Then time sped up again.
The young man dragged the dog a few feet away and pinned him to the ground while the young girl, who I had not noticed since I saw her sitting across the clearing, was at the dog’s face, crying, yelling and smacking him.
Ibn who had lost control of his bowels, was panting and pacing on the trail. Zach paced along with him, fists clenched, still yelling, and I knew we had thought the same thing:
“This can’t be the way Ibn is going to die.”
Evan stood quietly, holding the leashes in his hand.
The girl stood, quivering, and asked, “Is your dog okay. Oh my God. I am so sorry. Is he okay?”
She was so distraught that she appeared to be levitating and I watched her small hands rub her apparently pregnant belly. She didn’t seem to be more than 16 and I instantly felt protective of her.
Zach got ready to say something and I asked him quietly to check on Ibn–who as it turned out, was okay, aside from the stress.
“Has he ever done that before?” I asked.
“No ma’am,” she said.
This was probably the first time in my life I didn’t flinch at being called “ma’am.”
“You’re not lying to me, are you?” (Then I really felt like a ma’am).
I believed her. “Well he better not do it again, but . . .”
“Oh he won’t. He’s going to be chained to the pole from now on.”
That, I did flinch at.
“Please don’t do that. He better not do it again, but just so you know, if he does: I stuck my finger up his butt to make him let go.”
That statement was met with a somewhat bewildered look from Zach, Evan and the girl. I realized that no one noticed, in the middle of the fray, what I did–except probably for the guy who was holding the dog. That made me laugh, inwardly. But, I continued.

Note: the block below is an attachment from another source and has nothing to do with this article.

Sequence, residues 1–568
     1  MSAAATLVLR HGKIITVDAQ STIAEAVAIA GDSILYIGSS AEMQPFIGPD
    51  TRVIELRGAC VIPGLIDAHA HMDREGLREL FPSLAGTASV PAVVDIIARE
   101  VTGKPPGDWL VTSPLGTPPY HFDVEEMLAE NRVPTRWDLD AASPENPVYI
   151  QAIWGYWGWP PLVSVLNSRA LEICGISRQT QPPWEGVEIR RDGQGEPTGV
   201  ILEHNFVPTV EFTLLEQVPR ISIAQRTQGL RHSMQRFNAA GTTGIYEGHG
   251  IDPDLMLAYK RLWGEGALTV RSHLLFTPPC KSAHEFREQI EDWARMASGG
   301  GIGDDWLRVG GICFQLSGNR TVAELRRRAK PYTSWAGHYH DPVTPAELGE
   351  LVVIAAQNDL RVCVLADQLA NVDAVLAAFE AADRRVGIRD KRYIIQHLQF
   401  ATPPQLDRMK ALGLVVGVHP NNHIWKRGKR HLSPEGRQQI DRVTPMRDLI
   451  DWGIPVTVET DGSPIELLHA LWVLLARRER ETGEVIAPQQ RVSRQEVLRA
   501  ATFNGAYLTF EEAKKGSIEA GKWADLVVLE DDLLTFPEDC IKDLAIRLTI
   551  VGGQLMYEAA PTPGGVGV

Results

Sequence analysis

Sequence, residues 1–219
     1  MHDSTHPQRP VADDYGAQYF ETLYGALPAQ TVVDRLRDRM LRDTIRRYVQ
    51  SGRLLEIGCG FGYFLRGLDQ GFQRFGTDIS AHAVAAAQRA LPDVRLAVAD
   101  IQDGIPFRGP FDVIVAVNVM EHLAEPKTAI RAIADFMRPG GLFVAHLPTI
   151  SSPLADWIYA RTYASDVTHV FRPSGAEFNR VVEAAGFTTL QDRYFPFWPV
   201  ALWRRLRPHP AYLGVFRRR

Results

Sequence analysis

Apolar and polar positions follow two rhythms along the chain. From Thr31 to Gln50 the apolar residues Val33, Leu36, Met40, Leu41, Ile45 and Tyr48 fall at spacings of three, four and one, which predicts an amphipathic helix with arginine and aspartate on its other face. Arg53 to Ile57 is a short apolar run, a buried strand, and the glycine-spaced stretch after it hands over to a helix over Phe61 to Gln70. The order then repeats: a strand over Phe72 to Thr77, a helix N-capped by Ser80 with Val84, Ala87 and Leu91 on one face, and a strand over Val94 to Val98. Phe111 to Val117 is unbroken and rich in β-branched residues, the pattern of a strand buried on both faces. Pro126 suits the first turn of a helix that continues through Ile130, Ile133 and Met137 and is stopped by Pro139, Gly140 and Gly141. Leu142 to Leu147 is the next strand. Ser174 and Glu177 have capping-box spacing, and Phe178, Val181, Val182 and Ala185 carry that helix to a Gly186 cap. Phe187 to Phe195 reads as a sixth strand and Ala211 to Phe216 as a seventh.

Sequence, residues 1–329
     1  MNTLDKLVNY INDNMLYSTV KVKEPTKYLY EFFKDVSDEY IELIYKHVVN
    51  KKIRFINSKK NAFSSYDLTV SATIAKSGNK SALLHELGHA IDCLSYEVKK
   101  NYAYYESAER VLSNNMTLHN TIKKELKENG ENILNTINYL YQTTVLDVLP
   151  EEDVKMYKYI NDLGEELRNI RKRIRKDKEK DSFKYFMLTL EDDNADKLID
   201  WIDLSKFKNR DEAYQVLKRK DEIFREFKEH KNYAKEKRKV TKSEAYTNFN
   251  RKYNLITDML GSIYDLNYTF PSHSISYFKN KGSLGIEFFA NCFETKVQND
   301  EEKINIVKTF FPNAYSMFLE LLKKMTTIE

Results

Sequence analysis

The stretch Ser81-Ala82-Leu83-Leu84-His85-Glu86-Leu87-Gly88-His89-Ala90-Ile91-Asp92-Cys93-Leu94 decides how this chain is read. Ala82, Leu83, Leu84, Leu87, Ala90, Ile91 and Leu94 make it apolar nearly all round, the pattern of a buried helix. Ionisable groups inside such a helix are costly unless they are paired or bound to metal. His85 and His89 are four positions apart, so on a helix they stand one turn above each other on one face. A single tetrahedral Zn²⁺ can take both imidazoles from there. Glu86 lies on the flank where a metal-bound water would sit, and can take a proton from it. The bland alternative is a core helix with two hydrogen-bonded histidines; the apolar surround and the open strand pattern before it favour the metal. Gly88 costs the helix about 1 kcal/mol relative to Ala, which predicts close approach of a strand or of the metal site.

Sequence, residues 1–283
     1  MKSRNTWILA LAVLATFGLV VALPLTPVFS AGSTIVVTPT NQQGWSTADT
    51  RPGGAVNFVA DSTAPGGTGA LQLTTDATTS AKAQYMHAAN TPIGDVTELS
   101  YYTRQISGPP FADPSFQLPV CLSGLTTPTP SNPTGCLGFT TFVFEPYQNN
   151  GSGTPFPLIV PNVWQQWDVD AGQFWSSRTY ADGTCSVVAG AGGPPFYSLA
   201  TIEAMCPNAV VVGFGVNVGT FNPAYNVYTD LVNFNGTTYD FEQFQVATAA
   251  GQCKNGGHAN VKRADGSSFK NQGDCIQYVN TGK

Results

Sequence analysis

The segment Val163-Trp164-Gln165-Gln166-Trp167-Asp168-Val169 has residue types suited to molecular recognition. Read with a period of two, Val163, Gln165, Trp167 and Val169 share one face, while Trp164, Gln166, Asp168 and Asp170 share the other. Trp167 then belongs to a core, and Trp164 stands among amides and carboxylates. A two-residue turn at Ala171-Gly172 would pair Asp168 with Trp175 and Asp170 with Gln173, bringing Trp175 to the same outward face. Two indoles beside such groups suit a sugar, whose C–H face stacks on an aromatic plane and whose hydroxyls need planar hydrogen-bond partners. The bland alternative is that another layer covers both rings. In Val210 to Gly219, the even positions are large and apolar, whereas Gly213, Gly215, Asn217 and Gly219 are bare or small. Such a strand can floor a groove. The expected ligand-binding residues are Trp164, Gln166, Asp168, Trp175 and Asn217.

“You need to find a trainer to work with you, now that you know he can do that.”
“Who do I go to?”
Of course I didn’t have the name of a trainer in my brain, but I told her to call Go Fetch and Missoula Animal Control and they could probably point her in a good direction. I tried to give her hope that she could work with her dog. I couldn’t bear to think of the dog chained to a pole for the duration of his life, nor could I bear to think of this young girl not being empowered to take charge of things for herself.
We spoke for a few minutes more, then continued on our walk, in effort to walk off the adrenaline, for all of us. By the end of it, we were all laughing about me hiding in the bushes and jumping out to shove my finger up the butt of anyone who was misbehaving.
How I knew what to do is a story for another time. Perhaps you’ll read about it. But regardless, I can’t advise people to start breaking up dog fights in such a way. It just worked out that time.
But, my point in telling this part of the story is that there was a time in my life when I did not have the wherewithal to do what I did, nor would I have had the patience to handle the aftermath with genuine love in my heart.
Even though a good friend dubbed me “Butt Hole Finger Hero,” what I did wasn’t heroic. It was simply a matter of listening to my intuition and striving to be a better human (and at this point, I am talking less about where I put my finger and more about where I put my words).
The memory of this event is so very bittersweet, since we lost sweet Ibn less than 2 months later. It was something that stirs a primal sadness in both Zach and me.
But, it also reminds me that opportunities to be graceful are all around us, every day, in in the least expected ways–even when we are tangled in pain or remorse.
It also prompts me to remind you: my finger is more powerful than your bite. Look out! I might be lurking around the next bend in the trail.
Hopefully this post prompts you to hold your pets closer. It’s good for you!